March 4, 2019; Truthout
Year after year, advocates and education experts indicate that students with disabilities fall far behind their peers without disabilities. A mere 66 percent of students with disabilities graduate on time, as compared to 83 percent of their peers without disabilities. An even more alarming statistic is that with proper support, 90 percent of disabled students could graduate high school in four years.
Depending on who you talk to, you’ll likely hear different reasons why the US school system is failing students with disabilities. For instance, if you talk to students with disabilities and their families, you may hear that teachers need more training about diverse learning styles and communication. If you talk to a group of teachers, you may hear that they need more administrative support and less paperwork.
The problem first begins with being classified as a special education student. “Special education” is an umbrella term. Any student who is diagnosed with a disability covered under the Individuals with Disabilities Education Act (IDEA) is eligible to be placed in a special education classroom. But, these students can and do vary widely in their learning abilities. For instance, a student with hearing difficulty can still excel at math, reading, and critical analysis, and would likely succeed in a general education classroom. A student with attention deficit hyperactivity disorder (ADHD) likely needs some help focusing but can learn and understand grade-level material. Yet, these students are often relegated to special education classrooms where they are not challenged or given the tools they need.
Kitty Cone, a special education lawyer from Arkansas, says, “For many children with disabilities, they’re capable of far more than their schools give them credit for. Their education falls far short of what federal law requires or even what common sense dictates.”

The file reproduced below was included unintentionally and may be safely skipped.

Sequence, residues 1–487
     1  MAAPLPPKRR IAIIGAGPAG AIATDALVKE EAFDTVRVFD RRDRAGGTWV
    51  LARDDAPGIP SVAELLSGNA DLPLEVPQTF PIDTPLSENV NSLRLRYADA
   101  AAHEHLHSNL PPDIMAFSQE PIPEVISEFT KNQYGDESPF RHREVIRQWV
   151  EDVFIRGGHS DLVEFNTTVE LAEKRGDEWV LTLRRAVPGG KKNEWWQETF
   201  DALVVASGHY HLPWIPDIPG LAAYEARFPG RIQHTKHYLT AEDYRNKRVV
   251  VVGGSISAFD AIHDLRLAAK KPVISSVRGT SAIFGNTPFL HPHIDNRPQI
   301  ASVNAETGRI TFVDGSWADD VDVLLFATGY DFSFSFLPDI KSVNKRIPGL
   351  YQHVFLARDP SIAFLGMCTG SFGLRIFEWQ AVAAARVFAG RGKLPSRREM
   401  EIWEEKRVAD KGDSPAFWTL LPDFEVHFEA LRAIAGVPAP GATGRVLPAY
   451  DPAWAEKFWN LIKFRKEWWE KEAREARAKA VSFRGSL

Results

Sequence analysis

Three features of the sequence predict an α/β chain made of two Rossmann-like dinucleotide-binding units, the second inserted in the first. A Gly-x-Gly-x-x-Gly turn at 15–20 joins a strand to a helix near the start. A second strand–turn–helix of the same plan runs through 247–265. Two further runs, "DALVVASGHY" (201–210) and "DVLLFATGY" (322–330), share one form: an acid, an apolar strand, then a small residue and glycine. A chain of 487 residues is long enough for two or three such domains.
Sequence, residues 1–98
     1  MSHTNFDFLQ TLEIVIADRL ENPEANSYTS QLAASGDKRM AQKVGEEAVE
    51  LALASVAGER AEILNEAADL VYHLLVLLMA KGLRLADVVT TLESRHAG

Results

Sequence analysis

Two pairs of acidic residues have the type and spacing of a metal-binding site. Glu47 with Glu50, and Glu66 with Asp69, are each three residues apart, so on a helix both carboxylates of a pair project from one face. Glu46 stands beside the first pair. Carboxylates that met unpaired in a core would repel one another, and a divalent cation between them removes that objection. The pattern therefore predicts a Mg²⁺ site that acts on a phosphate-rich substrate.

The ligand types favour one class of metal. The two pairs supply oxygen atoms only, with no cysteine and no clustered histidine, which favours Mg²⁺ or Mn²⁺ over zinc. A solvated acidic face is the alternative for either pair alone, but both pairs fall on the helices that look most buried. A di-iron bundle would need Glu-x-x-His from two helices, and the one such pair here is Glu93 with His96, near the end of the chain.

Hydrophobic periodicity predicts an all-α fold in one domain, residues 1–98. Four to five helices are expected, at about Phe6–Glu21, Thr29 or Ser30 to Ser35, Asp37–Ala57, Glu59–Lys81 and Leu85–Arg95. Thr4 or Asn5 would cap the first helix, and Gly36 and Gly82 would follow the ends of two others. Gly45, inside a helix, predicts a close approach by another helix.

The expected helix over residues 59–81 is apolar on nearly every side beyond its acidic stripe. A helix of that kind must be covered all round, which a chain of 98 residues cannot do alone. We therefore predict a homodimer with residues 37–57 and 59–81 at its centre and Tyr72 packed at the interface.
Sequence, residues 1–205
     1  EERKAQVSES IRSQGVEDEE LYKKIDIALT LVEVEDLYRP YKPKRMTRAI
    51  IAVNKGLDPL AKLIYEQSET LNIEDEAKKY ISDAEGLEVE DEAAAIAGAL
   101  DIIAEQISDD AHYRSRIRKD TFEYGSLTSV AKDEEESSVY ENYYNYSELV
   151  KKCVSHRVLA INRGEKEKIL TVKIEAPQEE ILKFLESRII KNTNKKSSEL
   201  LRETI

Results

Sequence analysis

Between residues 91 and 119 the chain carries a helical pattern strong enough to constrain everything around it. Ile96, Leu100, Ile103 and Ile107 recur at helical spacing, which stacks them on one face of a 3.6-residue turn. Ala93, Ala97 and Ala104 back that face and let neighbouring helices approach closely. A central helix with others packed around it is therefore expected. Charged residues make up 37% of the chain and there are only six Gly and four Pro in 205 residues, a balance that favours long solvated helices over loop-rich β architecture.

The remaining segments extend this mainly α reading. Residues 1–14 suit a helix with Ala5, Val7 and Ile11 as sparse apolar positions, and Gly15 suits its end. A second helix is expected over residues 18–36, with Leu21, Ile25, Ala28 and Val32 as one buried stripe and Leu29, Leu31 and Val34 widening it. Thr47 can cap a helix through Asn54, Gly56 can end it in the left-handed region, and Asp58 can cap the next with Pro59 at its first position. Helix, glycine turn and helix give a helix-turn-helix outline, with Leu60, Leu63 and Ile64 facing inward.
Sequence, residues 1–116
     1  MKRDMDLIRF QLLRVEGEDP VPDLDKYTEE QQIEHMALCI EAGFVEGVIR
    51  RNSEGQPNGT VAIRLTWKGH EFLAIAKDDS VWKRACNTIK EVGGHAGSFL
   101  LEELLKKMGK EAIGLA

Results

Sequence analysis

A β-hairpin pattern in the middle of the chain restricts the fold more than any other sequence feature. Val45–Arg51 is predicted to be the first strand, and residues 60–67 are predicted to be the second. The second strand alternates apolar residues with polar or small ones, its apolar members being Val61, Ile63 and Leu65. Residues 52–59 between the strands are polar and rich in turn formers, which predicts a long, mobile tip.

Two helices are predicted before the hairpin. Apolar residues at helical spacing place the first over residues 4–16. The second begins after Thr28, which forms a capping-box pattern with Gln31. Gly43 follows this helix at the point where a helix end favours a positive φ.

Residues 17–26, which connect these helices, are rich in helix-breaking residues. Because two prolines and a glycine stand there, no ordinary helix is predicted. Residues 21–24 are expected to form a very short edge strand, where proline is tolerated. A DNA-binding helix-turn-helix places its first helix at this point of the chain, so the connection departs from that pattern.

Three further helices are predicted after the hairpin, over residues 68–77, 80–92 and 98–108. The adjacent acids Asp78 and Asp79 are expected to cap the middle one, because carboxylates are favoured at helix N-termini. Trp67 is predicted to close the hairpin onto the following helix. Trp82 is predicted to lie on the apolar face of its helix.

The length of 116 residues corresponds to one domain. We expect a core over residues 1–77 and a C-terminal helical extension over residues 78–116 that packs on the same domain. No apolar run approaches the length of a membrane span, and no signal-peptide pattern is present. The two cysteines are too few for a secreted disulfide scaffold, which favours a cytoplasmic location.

Once in a special education classroom, the student-to-teacher ratio is ridiculously high, and teachers are both ill-trained and ill-equipped to handle the complexities of teaching material to students with a wide variety of learning styles while managing possible behavioral issues.
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Courtney Cole, a writer for Rooted in Rights, argues, “Teachers all over the country struggle to meet goals and adhere to Individualized Education Programs because there is not enough attention to go around and not enough proper training. As a result, a lot of time is spent on getting the behavior of a few students under control and much less time is spent actually helping students develop skills that are needed.”
In fact, a 2015 survey of special education teachers in Michigan indicated that trainees felt unprepared for the realities of being in the classroom. Furthermore, in many cases, these trainees were only required to take one course about special education.
For special education students, this means not learning grade-level material, not being challenged to learn more and do more, not developing the skills to succeed post-graduation. For teachers, this means little job satisfaction and burnout. It comes as no surprise that the attrition rate for special education teachers is double that of general education teachers.
It can and should be argued that the issues plaguing special education could begin to be solved through appropriate funding. Raising teacher salaries to pay them what they are actually worth, providing them with the tools, resources, and learning opportunities to help them succeed in their roles. Adequate salaries could then attract qualified and compassionate individuals to the field, relieving teachers of huge classroom sizes, and giving all teachers the opportunity to give individualized attention to their students.
In Virginia, former Governor McAuliffe’s plan to address an increasing teacher shortage was to allow undergraduate programs in the state to offer education majors. Essentially this decreases the amount of time it takes to become a teacher by one year, thus reducing the cost of tuition and lost time required to become a teacher. Moreover, incorporating this education over four years could create more effective teachers and allows more room in the curriculum for disabilities education courses and inclusive classroom practices.
This barely scratches the surface, though. How the US trains its teachers desperately needs re-evaluation if we ever hope to break away from the special education model to inclusive schooling, decrease teacher attrition, increase job satisfaction, and challenge students with disabilities to achieve scholastic success.—Sheela Nimishakavi